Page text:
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Changing your will’s executor: Reasons and ways

On Behalf of | Jun 21, 2023 | Will |

Trusting anyone completely is understandably difficult. But you must trust yourself to make the critical choice of choosing someone to oversee your estate when you pass on.

An executor, at least 18 and of sound mind, is the individual you, as the testator, appoint to be responsible for carrying out the terms of your South Carolina will the way you intended it to be. This appointment comes with specific obligations including, but not limited to, initiating the probate process, settling financial accounts, conducting inventory and supervising asset distribution as per the will.

But when changes in your or your executor’s circumstances happen, you have the right to change your executor.

Reasons for changing your executor

Here are some common reasons you might think switching to a new executor is necessary:

  • Illness, incapacity or death: Your executor may have severe or lethal medical conditions and become unable to fulfill their role.
  • Conflict of interest: If you and your executor have a falling out, your executor may no longer want to maintain the role.
  • Divorce: If you named your spouse as your executor, but your marriage is on the verge of a breakdown.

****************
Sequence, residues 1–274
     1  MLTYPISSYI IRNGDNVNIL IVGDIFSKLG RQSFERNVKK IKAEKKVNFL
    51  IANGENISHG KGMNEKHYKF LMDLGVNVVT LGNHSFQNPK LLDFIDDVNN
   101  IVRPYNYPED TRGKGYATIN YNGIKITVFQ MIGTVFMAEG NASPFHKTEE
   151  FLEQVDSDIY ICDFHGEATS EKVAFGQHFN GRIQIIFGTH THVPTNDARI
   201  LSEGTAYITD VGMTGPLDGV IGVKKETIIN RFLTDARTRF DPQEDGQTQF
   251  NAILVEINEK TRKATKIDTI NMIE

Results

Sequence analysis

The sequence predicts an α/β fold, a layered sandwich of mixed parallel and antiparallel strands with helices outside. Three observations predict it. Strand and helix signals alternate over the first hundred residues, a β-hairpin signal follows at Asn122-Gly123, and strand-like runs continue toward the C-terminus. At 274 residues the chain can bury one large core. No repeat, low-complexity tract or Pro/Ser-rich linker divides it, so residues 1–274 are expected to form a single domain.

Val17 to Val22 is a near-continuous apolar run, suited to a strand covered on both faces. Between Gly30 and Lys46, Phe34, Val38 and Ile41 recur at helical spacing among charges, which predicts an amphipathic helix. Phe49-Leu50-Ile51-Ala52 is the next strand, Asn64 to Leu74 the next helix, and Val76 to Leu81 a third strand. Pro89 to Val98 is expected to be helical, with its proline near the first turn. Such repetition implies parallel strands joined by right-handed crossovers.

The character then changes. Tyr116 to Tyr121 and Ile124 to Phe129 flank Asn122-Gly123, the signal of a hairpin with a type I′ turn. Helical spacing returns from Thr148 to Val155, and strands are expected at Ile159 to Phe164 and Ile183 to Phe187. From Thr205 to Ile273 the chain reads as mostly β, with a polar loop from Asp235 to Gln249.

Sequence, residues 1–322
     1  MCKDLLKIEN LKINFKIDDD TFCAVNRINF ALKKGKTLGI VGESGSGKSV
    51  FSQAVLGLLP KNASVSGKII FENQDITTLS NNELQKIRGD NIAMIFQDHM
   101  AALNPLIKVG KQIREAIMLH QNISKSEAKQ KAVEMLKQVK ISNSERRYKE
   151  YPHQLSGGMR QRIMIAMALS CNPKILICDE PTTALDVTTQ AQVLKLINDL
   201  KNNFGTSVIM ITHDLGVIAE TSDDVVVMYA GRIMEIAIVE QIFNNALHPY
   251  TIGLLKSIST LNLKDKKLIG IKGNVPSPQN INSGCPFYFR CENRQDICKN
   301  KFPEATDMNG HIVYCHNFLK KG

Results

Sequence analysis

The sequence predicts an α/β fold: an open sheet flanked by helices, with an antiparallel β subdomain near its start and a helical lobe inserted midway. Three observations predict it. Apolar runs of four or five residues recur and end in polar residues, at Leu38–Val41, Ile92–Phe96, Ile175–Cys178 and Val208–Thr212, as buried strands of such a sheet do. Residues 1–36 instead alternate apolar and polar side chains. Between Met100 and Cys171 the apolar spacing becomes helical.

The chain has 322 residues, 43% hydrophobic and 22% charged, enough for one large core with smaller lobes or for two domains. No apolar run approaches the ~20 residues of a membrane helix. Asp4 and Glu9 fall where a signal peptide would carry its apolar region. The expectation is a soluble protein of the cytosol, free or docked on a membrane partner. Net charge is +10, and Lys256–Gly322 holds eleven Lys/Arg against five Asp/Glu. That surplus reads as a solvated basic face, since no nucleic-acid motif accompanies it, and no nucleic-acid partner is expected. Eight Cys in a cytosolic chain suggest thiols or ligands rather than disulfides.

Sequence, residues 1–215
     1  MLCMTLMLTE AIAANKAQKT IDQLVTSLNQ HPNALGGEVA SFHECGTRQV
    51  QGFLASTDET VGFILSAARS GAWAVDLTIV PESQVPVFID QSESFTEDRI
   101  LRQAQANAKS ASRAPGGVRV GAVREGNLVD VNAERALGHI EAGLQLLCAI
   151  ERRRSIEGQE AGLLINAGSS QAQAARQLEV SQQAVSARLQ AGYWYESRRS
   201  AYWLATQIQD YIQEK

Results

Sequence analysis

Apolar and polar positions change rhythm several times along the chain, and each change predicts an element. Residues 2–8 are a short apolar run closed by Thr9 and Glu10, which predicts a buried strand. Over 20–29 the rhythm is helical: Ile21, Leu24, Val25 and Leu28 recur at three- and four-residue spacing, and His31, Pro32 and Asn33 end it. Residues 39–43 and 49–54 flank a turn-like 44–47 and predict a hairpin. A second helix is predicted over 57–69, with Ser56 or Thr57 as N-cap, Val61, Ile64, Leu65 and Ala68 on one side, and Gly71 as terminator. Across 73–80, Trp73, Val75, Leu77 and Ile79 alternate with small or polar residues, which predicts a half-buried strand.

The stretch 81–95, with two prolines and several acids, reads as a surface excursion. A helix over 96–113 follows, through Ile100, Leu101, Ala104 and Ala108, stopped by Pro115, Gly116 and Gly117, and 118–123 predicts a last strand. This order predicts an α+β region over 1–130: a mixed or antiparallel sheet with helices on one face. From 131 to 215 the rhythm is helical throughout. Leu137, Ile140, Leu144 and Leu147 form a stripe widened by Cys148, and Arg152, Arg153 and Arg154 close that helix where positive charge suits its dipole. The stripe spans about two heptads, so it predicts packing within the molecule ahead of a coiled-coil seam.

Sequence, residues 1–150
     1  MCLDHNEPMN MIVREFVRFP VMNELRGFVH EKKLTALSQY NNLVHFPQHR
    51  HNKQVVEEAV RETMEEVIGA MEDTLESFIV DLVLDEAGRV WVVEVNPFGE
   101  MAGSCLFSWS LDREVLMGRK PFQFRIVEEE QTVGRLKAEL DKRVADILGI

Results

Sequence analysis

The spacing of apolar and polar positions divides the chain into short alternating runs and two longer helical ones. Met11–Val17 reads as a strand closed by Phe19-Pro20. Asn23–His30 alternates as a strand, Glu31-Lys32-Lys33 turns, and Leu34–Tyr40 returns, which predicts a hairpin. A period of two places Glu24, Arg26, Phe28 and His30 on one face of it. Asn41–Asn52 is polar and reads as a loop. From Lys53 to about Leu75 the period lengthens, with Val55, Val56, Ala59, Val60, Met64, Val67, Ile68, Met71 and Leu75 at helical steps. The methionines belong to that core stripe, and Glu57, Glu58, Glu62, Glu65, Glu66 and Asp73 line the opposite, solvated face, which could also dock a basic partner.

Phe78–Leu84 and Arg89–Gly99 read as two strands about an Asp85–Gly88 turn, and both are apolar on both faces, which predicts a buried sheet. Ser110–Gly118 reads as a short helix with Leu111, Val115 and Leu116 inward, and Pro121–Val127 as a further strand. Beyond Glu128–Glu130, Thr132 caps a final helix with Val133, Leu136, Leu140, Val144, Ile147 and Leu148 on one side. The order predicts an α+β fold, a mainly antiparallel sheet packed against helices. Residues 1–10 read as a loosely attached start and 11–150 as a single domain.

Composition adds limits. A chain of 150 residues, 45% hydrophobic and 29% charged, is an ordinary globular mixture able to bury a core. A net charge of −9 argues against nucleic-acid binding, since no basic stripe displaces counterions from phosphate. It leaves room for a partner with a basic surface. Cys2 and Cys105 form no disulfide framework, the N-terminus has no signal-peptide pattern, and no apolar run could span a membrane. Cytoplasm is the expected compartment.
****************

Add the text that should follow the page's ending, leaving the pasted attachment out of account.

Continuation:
• Inadequate skills: You may eventually discover your executor doesn’t have the necessary abilities to perform their duties. Accordingly, you may find someone else better equipped for the role.

Your will’s beneficiaries also have the right to file a petition in court if they deem it appropriate to replace your appointed executor, who isn’t fulfilling their responsibilities. Further, the court also reserves the right to remove an executor if there is proof the person has a felony conviction or they’ve mishandled your assets.

Ways to change your executor

Once you’ve identified your reason for changing your executor, you have two options:

  • Add a codicil: You may add a validated, signed and witnessed codicil – a legal document used for minor changes – to your existing will.
  • Write a new will: If there are more substantial changes, you may need to draft a new will following the same steps as the original with proper signatures and witnesses, while destroying all copies of the old will.

Immediately settling all matters related to your will’s executor prevents unnecessary costs and burdens with asset distribution.

A dignified death

A will with a properly assigned executor is critical to estate planning. A legal team can help you stay on top of changes in your relationships to ensure you’ll leave your affairs with dignity.